都是市招惹的禍?

:::

1989 / 3月

文‧劉麗真 圖‧鄭元慶


一位建築師很無奈地形容:「在台北,蓋好一棟建築物,交屋前的第一件事就是火速拍照——三更半夜,在所不辭。」

為什麼?


原因很簡單——如果建築師不趕緊拍照留念,只怕隔天醒來,但見一樓「保證生鮮超級市場」燈火流轉、二樓「南北各式小吃街應有盡有」、三樓「超美英語——兒童班、婦女班、會話班、寫作班、密集班」,四、五、六、七樓……,各色市招一排比一排搶眼,一樓比一樓「突」出,其間還不時夾雜著「鋼琴家教、保證速成」、「命理命相、紫微斗數」之類強行橫出的小招牌。至於耗時數載、精心設計的那個心血結晶,已然無緣再見啦!

繁華有餘,典雅不足

台北市招種類廣泛、式樣龐雜,出現頻率之高、所佔空間之廣,足可「傲然」成為台北都市景觀重要特色之一。

身揹相機的觀光客,不時對著這些在國外中國城似曾相識、琳琅滿目的招牌,猛按快門;看在台北人的眼裡,對這些張牙舞爪、爬滿台北街頭的市招,卻頗有繁華有餘、典雅不足的遺憾。

廣告招牌泛濫成災,影響市容,算起來竟還是「台灣錢淹腳目」的後遺症。

光復以來,台灣經濟快速起飛,商家在傳統「金字招牌」的觀念下,市招的形式、材料自然風風光光地日新月異,且有愈演愈烈之勢。

「清明上河圖」中,開封城商家各色小幡臨風搖曳之景,固是往者已矣,鄉間老街、狹長街屋立面上石]「誠信商號」、「美珍齋」之類四平八穩、不忮不求的昭告,卻也多慘遭滅頂,成了保守落後的老古董;傳統的木製牌匾已不多見,就連曾經盛極一時的鐵皮、三夾板招牌,在飽嘗風霜之後,也早就功成身退。

招牌本無罪

廿年前流行的玻璃燈和塑膠布看板,多因保全不易,慨然淘汰;此後自國外引進的壓克力招牌,集商家寵愛於一身,仍然當道;至於跳燈、電腦顯示幕招牌和燈箱則正各據山頭,在台北街頭爭奇鬥艷。

儘管招牌形式、材料多所不同,但商家對招牌的「比大」心理,卻如出一轍。

「有客戶甚至以招牌做得比隔壁小為由,拒絕付錢呢!」一家廣告公司負責人魏先生說。

很顯然地,招牌本無罪,一心比大強出頭的心態,恐怕才是造成市容紊亂、建築物不見天日的隱形殺手。尤其可憂的是,巨型看板擋住火災逃生窗口、颱風時市招墜落傷人的消息時有所聞,足見妨礙觀瞻猶在其次,安全問題才更值得關切。

「砸人招牌」的事,誰幹?

「在國外市招的管制很嚴格,舉凡尺寸、顏色、懸掛高度、字體大小,都列有明文規定」,曾經旅居歐洲多年的建築師張世左磳隉A規定嚴格、執行徹底,加上較普遍的審美共識,市招的存在也就理所當然,不致成為惱人的話題。

國內雖訂有廣告物管理辦法及施行細則,但目前取締範圍僅限於人行道上妨礙交通的招牌。然而,由於管理辦法中缺乏罰則,被取締的商家多半置之不理。

按照規定,商家在製作招牌前,得先到當地警察機關申請核發廣告物許可證,不過,由於執行不力,此項規定也似乎形同虛設。

台北市警察局行政科鍾玉高股長則表示,取締工作原本委由工務局拆除大隊擔任,但近來拆除大隊聲稱人手、設備不足,遂改由市警局以發包方式拆除;又由於市警局沒有這筆預算,因此,還是落得取締乏人。

「取締工作有其實際困難」,鍾股長進一步分析,拆商家招牌,無異「砸人招牌」,阻力之大可想而知。

招牌以大為美?

而一般商家的態度,卻也和「以大為美」的觀念一樣——「要拆大家拆,否則就算我一家拆,台北市容也不會因此改善……」,說得「理」直氣壯。

從理論上來說,招牌的管理與都市計畫密切相關。台北市政府工務局都市計畫處規畫師林欽榮舉例說,像某些國家住宅區、商業區的明確劃分,就有利招牌管理。此外,如果建築師在作整體規畫時,就與業主溝通,將招牌的位置納入考量範圍,使招牌與建築融為一體,也是改善都市景觀的一途。至於目前政府將招牌管理的責任歸於警察機關,林欽榮認為「並非長久之計」。

日前,台北市議會已於議會中建議,將廣告物管理權責交由工務局接手。目前工務局都市計畫處已令專人研擬辦法,透過幾條示範道路招牌的設立形式,循序漸進,希望不但能藉此解決市招紊亂的現況,且更進一步達到美化街景、襯托市容的正面效果。都計處並初步決定以重慶南路、衡陽路一帶早期發展具有城市記憶的街道,作為第一階段規畫區。

並非追求「整齊畫一」

林欽榮解釋,所謂的市招規畫示範區,絕不是雷厲風行、強加取締,只是為了「整齊畫一」;相反的,是要藉專家的經驗,以市招來強調區域印象。第一階段規畫區選擇重慶南路衡陽路一帶,正是因為該地區在城市發展中扮演重要的角色,也有明顯的區域形象,因此保存「歷史記憶」的工作,顯然會比「創造風格」來得重要。

第一階段示範道路的規畫,目前尚處於醞釀期,台北市民自是樂見其成。不過,台北建築密度高、商家多,是既成事實,要真正使紛然雜陳的市招出現「亂中有序」,甚至「錦上添花」的景象,除了政府使力之外,商家的自我約束和市民對景觀權力的覺醒、要求,恐怕才是不二法門。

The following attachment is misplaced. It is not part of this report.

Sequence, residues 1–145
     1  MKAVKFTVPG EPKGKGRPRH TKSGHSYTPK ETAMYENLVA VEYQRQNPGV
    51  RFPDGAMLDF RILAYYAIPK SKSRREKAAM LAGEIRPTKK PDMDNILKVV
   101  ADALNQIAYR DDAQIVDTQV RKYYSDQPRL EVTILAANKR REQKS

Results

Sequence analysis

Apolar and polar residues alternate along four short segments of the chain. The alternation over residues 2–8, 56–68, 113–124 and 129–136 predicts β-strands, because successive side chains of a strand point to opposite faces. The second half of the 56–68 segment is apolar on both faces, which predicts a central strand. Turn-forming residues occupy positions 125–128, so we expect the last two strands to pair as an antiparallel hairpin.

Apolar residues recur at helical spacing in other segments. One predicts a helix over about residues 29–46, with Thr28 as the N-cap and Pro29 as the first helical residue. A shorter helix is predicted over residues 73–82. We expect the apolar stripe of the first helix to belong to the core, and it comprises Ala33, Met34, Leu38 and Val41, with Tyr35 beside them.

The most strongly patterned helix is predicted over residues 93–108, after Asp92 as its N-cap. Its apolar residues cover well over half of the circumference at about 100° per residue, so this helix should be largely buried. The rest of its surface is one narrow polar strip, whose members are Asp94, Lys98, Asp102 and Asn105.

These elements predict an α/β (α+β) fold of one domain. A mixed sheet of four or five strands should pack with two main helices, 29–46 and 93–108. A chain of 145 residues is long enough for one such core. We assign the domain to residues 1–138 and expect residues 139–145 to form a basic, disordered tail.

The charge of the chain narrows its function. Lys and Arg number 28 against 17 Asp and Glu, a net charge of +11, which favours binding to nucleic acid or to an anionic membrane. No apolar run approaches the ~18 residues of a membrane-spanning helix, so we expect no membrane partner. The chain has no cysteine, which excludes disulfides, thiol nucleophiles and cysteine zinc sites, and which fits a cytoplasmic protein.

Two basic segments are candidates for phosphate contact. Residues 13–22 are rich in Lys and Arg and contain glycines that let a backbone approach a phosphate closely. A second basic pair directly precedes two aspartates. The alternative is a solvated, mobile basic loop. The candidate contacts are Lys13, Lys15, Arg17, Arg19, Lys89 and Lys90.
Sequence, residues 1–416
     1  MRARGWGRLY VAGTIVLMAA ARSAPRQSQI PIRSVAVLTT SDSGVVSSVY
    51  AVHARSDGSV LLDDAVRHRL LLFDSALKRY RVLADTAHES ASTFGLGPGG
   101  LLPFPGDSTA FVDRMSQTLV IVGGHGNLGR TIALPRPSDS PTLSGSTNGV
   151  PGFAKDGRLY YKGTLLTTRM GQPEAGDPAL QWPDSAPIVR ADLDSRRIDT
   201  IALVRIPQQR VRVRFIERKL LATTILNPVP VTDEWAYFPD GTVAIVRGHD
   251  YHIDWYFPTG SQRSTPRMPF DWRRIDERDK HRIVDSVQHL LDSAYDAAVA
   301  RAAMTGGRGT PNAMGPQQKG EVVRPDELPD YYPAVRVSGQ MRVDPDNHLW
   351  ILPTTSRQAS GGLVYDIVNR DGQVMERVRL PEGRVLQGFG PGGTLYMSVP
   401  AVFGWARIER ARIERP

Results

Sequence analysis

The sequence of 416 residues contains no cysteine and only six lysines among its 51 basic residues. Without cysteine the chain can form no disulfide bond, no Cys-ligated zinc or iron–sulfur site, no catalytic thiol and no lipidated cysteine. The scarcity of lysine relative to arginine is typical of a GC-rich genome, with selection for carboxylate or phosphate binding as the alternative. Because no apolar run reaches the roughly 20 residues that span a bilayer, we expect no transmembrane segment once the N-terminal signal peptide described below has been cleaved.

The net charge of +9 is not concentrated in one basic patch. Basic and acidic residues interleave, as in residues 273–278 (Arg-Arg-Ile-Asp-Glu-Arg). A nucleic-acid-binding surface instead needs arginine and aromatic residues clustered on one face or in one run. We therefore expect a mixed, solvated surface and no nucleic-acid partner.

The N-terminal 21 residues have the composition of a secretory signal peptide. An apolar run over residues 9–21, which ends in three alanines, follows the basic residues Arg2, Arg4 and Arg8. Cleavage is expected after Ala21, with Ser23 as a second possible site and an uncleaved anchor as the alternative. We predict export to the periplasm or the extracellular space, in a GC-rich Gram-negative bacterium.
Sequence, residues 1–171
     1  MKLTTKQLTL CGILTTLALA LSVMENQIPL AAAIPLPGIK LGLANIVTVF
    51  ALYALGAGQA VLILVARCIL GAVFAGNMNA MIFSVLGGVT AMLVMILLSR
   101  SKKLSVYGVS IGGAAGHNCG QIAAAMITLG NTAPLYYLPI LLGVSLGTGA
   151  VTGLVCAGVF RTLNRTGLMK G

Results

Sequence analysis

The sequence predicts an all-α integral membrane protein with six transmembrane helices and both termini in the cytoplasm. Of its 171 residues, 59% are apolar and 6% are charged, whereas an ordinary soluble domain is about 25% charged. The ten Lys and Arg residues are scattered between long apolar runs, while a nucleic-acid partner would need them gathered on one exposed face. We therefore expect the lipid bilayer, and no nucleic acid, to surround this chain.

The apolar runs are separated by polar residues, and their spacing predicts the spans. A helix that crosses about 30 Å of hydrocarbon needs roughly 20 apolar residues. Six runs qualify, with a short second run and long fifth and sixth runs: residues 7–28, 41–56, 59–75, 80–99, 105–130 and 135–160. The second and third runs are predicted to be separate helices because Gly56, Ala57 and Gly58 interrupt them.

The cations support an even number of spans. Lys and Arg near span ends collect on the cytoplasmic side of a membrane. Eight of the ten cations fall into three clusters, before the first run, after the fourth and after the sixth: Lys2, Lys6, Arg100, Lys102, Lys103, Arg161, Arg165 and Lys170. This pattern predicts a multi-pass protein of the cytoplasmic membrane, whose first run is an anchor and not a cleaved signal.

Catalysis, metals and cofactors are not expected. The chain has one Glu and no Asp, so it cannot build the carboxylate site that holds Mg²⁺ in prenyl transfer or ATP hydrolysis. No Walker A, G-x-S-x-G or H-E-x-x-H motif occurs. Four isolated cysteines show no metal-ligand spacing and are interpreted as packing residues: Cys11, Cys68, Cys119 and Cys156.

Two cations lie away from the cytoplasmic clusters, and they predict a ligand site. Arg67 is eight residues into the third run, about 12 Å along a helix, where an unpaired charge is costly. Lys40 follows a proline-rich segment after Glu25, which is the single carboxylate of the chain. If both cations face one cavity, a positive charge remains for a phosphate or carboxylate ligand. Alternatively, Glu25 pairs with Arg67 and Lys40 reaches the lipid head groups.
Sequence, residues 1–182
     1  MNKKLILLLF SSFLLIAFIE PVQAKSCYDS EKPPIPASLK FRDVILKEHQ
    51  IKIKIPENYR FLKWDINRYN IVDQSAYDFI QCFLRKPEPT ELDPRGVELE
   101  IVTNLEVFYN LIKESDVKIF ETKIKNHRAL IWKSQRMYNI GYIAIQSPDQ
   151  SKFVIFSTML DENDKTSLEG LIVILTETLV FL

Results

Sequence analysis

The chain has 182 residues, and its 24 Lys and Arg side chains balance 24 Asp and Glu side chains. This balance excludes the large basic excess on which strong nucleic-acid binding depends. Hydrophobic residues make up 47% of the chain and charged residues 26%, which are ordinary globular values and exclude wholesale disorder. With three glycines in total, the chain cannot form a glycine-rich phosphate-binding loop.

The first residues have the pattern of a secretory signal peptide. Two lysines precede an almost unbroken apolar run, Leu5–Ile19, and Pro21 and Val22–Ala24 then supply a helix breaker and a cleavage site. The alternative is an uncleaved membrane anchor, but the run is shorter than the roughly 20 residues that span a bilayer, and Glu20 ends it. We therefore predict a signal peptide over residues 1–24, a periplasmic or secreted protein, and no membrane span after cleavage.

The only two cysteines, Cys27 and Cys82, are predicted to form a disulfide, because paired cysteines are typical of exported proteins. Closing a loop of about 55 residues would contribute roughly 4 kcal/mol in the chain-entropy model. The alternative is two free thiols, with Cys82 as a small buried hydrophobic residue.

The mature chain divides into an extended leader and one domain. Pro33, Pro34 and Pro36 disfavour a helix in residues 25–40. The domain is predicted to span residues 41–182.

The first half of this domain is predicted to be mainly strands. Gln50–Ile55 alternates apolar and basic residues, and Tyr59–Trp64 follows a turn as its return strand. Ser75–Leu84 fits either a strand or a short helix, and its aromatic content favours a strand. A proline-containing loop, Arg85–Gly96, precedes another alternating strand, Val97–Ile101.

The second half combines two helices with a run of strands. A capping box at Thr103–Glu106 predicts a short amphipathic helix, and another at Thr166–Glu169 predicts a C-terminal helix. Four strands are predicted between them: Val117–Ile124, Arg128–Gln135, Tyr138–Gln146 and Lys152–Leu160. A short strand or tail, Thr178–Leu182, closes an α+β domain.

牌不在大,有名則靈

「牌不在大,有名則靈」,這是建築學者漢寶德對台北「市招文化」所興之嘆。他表示,一味搶流行,造成此一時,大批紫色壓克力招牌強佔街頭;彼一時,彩色霓虹電動招牌大軍壓境,非但不能形成特色,反而造成市容的俗不可耐和商家本身「大而無當,罔顧觀瞻」的形象。

他並且說了一個耐人尋味的故事。

多年前,紐約聯合國大廈對面一棟大樓,突然懸掛起一塊偌大的廣告招牌,引起鄰近住戶聯名抗議,控告其影響景觀。法院後來以「好廣告有助景觀」為由,判決大樓屋主勝訴。出乎意料的是,聰明的大樓屋主為了尊重鄰里,自願拆除招牌,反而因此做了一個廣為傳頌的「活廣告」。

大樓和市招的戰爭,能演進到如此境界,的確令人欣羨。什麼時候,台北的高樓才能從層層市招的熱情擁抱下,探出頭來,吸一口不算太新鮮的台北空氣,唱一曲「我的未來不是夢」?

〔圖片說明〕

P.94

爬滿台北街頭、張牙舞爪的市招,予人繁華有餘、典雅不足之感。

P.95

台北的市招出現頻率之高、所佔空間之廣,足可傲然成為都市景觀重要特色之一。

P.96

講求創意、設計的市招,具有美化街景、襯托市容的功能。

P.97

儘管招牌型式、材料不同,但商家的「比大」心理,卻如出一轍。

P.98

藉由管理,市招可達「整齊畫一」的效果。

P.99

舊時街屋立面上之石]招牌,有著新式招牌難以比擬的沈穩、厚實。

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近期文章

EN

Sings of Wealth, Signs of Woe

Liou Lih Jen /photos courtesy of Arthur Cheng /tr. by Peter Eberly

Alocal builder/architect laments with exasperation: "When you finish a building in Taipei the first thing you have to do is hurry up and take a picture--in the middle of the night if need be."

How come?


The reason is simple: if architects don't snap a quick souvenir shot they may wake up the next day and find their prized master-pieces bristling from top to bottom with a frenetic jumble of acrylic and neon signs proclaiming "The So-and-So Supermarket: Freshness Guaranteed," "Restaurant Row: Sample Our Gourmet Snack Bars," "Learn English Fast: Intensive Conversation Classes Starting Now" . . . topped off by "Home Piano Lessons: Guaranteed Fast Results" and "The Purple Fairy Fortune Teller," each one more arresting and aggressively conspicuous than the last.

The vast diversity, variety, extent, and number of Taipei's commercial signboards have made them one of the city's most prominent characteristics.